Apples for the students seen lifting Mac sales

Apple's fourth-quarter earnings report is expected to show a slight decline in the growth of the iPod phenomenon, but higher Mac sales.

Tom Krazit Former Staff writer, CNET News
Tom Krazit writes about the ever-expanding world of Google, as the most prominent company on the Internet defends its search juggernaut while expanding into nearly anything it thinks possible. He has previously written about Apple, the traditional PC industry, and chip companies. E-mail Tom.
Tom Krazit
3 min read
Apple Computer will look to complete one of its most successful fiscal years ever with a bang when it reports its fourth-quarter earnings later Wednesday.

A full quarter of MacBook shipments as well as a solid back-to-school shopping season has set the stage for the earnings report, which will be released after the stock market closes. Overall, analysts surveyed by Thomson First Call are projecting Apple to report $4.7 billion in revenue, which would be a 27 percent improvement over last year's fourth-quarter revenue of $3.68 billion--at the time a company record.

Financial analysts expect Apple to report higher-than-expected Mac sales, especially in the notebook category. After its May introduction, the MacBook was available for an entire quarter this time around. This also happened to coincide with the back-to-school shopping season, and student purchases were expected to drive MacBook sales to new heights, said Richard Farmer of Merrill Lynch. Farmer raised his expectations for Apple's Mac shipments to around 1.51 million units, which would be a 22 percent increase compared with last year, he said in a research note distributed last week.

Another new system available during the quarter was the Mac Pro, which completed Apple's transition to Intel's processors. This particular system is designed mostly for Apple's professional customers, but like the MacBook in the last quarter, was probably introduced too late in the quarter to have a pronounced impact on quarterly sales.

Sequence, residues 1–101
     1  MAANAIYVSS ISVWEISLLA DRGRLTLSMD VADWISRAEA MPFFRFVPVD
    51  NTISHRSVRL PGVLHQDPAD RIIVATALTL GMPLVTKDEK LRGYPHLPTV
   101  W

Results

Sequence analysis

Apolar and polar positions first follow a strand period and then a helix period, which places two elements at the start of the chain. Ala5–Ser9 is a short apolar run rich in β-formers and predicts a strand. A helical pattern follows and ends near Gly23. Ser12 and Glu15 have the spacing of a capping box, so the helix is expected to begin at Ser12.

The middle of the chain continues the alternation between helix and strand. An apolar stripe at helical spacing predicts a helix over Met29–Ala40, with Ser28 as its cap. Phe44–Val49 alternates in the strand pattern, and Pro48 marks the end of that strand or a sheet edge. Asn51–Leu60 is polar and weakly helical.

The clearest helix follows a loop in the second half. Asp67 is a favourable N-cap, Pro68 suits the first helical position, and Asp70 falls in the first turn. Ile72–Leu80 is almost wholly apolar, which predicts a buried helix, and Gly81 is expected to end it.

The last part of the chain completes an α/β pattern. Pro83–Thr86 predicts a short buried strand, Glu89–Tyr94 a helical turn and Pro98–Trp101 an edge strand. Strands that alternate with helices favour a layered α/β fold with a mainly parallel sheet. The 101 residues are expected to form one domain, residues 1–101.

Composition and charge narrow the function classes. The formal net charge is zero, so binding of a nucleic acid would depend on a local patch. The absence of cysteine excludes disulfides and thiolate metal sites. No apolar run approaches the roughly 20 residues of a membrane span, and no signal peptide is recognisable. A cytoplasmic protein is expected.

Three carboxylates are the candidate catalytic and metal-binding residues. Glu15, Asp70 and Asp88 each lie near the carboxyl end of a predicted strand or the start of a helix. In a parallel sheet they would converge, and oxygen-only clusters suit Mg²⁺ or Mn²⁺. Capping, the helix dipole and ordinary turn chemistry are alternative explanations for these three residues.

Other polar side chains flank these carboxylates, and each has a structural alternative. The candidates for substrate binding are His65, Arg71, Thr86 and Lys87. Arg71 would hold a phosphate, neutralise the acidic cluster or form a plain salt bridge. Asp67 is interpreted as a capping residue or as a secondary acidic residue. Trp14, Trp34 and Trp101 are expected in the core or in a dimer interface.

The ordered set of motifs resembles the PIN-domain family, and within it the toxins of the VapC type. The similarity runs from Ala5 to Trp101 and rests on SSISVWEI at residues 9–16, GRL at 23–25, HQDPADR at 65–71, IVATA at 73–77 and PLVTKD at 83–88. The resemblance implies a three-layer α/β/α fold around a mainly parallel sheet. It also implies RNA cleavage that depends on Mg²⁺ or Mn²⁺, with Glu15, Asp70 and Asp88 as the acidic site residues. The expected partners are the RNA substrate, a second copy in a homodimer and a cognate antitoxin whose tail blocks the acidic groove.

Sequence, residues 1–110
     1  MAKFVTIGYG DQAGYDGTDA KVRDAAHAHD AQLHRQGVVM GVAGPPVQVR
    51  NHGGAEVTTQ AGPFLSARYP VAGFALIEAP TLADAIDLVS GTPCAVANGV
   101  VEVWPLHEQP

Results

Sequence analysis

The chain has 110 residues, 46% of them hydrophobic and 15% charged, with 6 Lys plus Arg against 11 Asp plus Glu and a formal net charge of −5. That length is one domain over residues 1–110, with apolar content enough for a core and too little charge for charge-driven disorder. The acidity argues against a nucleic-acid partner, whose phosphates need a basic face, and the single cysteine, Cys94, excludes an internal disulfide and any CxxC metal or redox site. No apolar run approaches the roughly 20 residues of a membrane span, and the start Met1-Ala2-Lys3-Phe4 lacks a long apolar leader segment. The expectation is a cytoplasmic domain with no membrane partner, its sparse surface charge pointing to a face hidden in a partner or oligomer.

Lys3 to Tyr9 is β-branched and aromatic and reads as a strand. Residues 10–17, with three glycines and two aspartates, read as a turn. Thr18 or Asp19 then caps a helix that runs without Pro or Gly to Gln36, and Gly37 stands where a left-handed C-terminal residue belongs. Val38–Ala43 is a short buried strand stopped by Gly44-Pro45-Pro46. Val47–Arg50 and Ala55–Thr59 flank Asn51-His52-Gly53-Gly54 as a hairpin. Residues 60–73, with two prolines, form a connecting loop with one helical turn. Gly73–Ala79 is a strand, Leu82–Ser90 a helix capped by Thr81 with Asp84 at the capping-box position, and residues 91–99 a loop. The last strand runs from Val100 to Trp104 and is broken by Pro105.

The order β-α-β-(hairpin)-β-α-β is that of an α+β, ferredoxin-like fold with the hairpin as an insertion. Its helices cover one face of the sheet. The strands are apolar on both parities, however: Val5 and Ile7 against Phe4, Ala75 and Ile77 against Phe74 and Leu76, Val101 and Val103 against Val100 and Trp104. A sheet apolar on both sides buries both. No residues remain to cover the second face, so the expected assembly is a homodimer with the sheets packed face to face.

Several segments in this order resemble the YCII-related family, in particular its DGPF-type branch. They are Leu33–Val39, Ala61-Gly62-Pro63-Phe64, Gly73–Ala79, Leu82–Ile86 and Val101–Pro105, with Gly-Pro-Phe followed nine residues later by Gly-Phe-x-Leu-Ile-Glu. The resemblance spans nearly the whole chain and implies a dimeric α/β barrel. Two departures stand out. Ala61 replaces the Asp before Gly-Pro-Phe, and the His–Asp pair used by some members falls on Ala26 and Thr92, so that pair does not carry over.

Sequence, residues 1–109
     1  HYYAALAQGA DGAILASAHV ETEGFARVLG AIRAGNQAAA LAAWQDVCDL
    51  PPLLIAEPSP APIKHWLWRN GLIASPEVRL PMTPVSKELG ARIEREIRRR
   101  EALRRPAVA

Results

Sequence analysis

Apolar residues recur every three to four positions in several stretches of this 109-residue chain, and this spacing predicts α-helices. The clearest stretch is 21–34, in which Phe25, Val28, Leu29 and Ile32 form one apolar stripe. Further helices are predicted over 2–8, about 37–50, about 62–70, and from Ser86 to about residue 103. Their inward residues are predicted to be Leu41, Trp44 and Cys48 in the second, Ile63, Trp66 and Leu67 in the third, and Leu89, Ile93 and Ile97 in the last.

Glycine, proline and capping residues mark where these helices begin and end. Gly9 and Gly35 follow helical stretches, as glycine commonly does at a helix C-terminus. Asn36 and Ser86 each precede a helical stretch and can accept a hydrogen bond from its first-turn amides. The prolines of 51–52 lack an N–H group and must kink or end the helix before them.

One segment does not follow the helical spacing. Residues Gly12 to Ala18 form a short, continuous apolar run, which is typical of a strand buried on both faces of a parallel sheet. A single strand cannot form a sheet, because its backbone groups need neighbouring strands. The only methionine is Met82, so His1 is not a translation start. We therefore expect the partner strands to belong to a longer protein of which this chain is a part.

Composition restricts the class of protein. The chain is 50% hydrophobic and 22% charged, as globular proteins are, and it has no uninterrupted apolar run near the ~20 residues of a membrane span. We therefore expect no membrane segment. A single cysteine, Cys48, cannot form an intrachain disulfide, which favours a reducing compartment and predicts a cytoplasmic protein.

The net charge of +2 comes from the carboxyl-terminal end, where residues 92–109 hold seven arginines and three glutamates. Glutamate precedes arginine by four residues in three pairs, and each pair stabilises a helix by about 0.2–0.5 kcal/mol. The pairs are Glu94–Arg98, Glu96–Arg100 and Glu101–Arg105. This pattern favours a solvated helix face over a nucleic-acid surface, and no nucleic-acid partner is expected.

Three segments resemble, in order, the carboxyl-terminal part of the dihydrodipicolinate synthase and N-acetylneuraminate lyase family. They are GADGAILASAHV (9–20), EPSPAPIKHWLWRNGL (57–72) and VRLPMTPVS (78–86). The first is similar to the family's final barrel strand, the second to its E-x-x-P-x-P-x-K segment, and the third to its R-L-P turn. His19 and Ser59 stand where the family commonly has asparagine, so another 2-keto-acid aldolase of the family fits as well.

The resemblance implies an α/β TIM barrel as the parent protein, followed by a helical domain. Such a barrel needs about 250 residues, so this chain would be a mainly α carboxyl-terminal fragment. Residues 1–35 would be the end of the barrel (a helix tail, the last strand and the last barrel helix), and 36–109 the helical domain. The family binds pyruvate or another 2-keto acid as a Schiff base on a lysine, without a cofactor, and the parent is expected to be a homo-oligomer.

One prominent Apple supplier thinks the Mac maker enjoyed a decent quarter. "I think you'll be happy there," said Paul Otellini, president and CEO of Intel, in response to a question about Apple's fortunes during his own earnings conference call Tuesday. "So far they've done very well with the transition" away from PowerPC chips to Intel's processors, he said.

But Apple still sells a lot of those iPods. Analysts and iPod fans finally got the new iPod Nanos they were clamoring for in September, but those units were likewise unlikely to have much of an impact on a quarter that ended a few weeks after Apple's "Showtime" event. Gene Munster of Piper Jaffray thinks Apple shipped 8.2 million iPods during the quarter.

That's less than the consensus of Wall Street analysts, but still a pretty healthy growth rate compared with last year. Farmer is more pessimistic, expecting quarterly iPod sales of 7.7 million units, which is still a 20 percent increase over the same period in 2005.

Apple executives will likely focus on the bread-and-butter numbers during their conference call Wednesday afternoon. But some analysts are likely to make inquiries about the stock-options backdating scandal that cost the CEOs of McAfee and CNET Networks, publisher of CNET News.com, their jobs last week. Apple has admitted that CEO Steve Jobs was aware that favorable exercise dates were granted for some stock options, although it has said that Jobs didn't know the implications of the practice and did not profit from the backdating.

Still, board member and former Chief Financial Officer Fred Anderson resigned from the board of directors two weeks ago in connection with Apple's investigation into stock-options backdating. Jobs is not expected to step down as Apple's CEO, but financial analysts are sure to ask if there will be any remaining fallout from Apple's investigation. Eventually, Apple expects to restate its financial reports for certain operating periods affected by the backdating.

Apple was also part of the massive recall of Sony's lithium-ion batteries in August. But since Sony is picking up much of the price tag for the replacement of those batteries, Apple has said it doesn't expect the recall to have a material impact on its finances.

Looking forward to the holiday shopping season, Apple will probably provide conservative guidance about its fortunes, Munster wrote. Last year, Apple increased its revenue by 56 percent from its fourth fiscal quarter to its first fiscal quarter, but analysts at the moment expect Apple to increase revenue by 39 percent from the fourth quarter to the first.

The ever-present Apple rumor mills have been relatively quiet since the new iPod Nanos were introduced in September. The latest gadget being debated on enthusiast sites is the iPhone, which even financial analysts believe is real and around the corner. It's possible that Apple executives may drop some subtle hints about future product directions, but the company is usually very tight-lipped when it comes to its product plans.